4 Reasons Why The XDJ-XZ Has Been A Surprise Hit For Pioneer DJ

| Read time: 3 mins
Pioneer DJ XDJ-XZ Prime 4 Standalone DJ systems
Last updated 6 February, 2020

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When the Pioneer DJ XDJ-XZ was released at the end of 2019, many expressed disappointment. With Denon DJ recently consistently releasing unarguably next-gen kit (it’s Prime 4 for instance), many were hoping that Pioneer DJ would match that with a four-channel standalone DJ system of its own.

Then the XDJ-XZ arrived. Full sized? Yes. Decks that looked and felt like Pioneer pro CDJs? Yes. A mixer virtually indistinguishable from the pro DJM-900NXS2? Yes. But four standalone channels for DJing from USB? Erm…

Truth is, this was the same tech as in the years-old XDJ-RX2 and XDJ-RR units, meaning while it had standalone mixer capabilities, all the hardware FX of the pro gear, and the look and feel of CDJ-2000NXS2 units, it was basically the XDJ-RX2 shoved in grown-up clothing.

This is what people didn’t like, feeling Pioneer DJ was letting its rivals steal a lead.

But here’s the thing:

This thing is flying off the shelves!

One of the things our community is telling us over and over again is that they simply can’t lay their hands on a unit. By all accounts, it’s been a huge success.

So why is that?

Four reasons spring to mind:

  1. It pretty much does everything a pair of CDJ-2000NXS2 units plus a DJM-900NXS2 mixer do, but for a fraction of the price – Sure it only has one small screen instead of two, but the look, feel and overall functionality is there or thereabouts. You can’t use four decks with two CDJs, either, and never have been able to . To the people buying this, that simply isn’t a disadvantage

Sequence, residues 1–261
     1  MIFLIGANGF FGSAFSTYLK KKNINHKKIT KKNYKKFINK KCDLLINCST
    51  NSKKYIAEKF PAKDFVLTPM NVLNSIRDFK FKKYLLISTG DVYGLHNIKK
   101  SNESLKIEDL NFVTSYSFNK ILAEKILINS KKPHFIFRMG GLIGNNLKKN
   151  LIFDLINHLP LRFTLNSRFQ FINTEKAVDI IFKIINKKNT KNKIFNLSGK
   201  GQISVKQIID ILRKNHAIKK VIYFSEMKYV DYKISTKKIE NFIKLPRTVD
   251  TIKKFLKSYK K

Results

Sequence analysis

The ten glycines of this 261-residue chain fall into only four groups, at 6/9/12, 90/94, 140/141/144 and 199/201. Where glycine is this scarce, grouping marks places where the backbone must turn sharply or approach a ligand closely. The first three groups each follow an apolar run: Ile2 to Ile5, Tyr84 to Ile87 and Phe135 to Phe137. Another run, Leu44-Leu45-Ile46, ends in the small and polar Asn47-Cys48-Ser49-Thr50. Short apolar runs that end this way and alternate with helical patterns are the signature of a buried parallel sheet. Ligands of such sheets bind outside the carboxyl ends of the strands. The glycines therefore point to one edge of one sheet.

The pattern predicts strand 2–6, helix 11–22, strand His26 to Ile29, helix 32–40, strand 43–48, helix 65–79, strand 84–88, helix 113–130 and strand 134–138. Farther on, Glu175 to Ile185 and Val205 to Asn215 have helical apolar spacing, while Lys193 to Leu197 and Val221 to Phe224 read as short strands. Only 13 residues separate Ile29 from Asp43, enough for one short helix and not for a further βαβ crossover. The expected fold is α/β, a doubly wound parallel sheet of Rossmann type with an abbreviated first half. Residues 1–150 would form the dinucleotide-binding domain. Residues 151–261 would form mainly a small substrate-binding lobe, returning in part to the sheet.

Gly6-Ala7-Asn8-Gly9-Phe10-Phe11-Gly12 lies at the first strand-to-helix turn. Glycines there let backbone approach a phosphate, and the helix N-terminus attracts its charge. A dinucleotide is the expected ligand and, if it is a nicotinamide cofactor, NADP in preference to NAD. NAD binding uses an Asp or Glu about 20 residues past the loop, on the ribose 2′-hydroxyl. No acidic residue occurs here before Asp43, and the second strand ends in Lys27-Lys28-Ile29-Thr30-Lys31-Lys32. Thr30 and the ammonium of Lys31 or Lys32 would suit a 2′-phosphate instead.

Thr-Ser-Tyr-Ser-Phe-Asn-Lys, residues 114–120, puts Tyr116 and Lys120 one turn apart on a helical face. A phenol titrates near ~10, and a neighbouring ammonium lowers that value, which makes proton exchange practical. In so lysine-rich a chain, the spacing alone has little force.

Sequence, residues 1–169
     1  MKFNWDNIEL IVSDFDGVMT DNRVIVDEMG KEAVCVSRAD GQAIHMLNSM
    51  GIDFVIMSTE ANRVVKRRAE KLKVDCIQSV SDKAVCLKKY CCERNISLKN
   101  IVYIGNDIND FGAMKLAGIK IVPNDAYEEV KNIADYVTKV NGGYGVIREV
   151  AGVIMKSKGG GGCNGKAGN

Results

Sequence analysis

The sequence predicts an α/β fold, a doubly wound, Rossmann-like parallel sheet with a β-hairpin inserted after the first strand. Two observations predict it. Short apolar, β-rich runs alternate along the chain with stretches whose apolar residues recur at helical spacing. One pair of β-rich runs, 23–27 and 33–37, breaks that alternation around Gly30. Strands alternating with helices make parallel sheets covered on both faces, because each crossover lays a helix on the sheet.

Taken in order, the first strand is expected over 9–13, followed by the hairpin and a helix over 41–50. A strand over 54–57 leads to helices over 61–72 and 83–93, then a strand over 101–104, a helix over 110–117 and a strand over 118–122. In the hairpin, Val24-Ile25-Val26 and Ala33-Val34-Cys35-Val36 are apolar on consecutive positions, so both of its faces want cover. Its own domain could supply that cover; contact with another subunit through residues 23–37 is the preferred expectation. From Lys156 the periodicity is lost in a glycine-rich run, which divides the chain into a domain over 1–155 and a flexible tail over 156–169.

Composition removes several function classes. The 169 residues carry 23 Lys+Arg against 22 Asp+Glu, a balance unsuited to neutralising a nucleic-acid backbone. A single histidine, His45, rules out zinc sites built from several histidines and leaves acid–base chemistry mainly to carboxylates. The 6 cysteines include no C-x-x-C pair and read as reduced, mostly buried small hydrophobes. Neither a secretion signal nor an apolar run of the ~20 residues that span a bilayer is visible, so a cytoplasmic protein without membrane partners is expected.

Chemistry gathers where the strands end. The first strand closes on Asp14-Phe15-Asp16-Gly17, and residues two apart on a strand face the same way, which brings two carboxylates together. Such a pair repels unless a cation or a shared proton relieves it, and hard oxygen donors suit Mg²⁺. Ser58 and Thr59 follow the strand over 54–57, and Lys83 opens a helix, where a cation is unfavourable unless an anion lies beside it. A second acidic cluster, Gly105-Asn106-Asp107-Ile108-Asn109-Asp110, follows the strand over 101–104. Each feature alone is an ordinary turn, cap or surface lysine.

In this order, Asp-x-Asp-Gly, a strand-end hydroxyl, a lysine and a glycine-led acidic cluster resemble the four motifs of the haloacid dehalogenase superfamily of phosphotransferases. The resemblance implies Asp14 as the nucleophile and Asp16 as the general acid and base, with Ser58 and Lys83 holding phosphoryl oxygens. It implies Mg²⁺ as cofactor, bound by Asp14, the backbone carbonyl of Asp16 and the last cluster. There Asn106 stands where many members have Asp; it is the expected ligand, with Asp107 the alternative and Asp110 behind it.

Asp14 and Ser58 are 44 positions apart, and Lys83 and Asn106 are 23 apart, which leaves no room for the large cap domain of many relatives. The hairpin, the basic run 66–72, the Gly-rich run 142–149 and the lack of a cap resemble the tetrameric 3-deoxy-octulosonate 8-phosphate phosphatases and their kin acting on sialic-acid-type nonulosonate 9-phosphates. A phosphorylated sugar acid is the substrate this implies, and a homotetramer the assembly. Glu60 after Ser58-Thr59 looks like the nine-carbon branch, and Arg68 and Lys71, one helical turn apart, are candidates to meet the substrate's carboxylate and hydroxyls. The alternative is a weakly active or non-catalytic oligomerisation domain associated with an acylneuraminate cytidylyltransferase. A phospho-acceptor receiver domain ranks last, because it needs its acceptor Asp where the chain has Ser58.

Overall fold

2. It looks and feels exactly like pro gear – This can’t be underestimated. Hobbyists want gear that is similar to play on to that found in DJ booths. It helps for when you get as chance to play on “pro” gear yourself. And it’s just fun! Who wouldn’t want to know their gear felt just like doing it in the best clubs in the world? The unit may be technically under-powered, but it sure feels and acts like the “real thing”
  3. If you really want all the bells and whistles of a four-channel controller, they’re there – you just have to plug in your laptop and use Rekordbox DJ (and now, Virtual DJ 2020 too – with Serato DJ Pro due soon)
  4. Despite not being “cutting edge” tech, it is kind-of future proof – Why? Because in truth, DJ gear hasn’t changed much in years in the pro booth, and isn’t likely to (pro DJs hate change, they just want stuff to work as it’s always done). Pioneer DJ is likely to tread very carefully when upgrading and changing the look and feel of its kit. I’ll bet that in 10 years time, the Pioneer gear in pro booths will look and feel pretty similar to this. Pioneer-loving DJs kind of know this, as it’s part of the brand identity

So does all new gear have to be cutting edge?

I think this proves that while there’s room for the latest tech in DJ gear, there’s also room for workhorse kit that achieves something other than simply pushing the technology forward. In this case, the price, the look and feel, and the favourable comparison with pro gear seem to have won the day.

If you want the “Pioneer experience”, then, the XDJ-XZ is a great bet… if you can find one.

• Read our full review of the Pioneer DJ XDJ-XZ.

What do you think of this? Are you lucky enough to have found one? Or are you waiting? Let us know your thoughts below.

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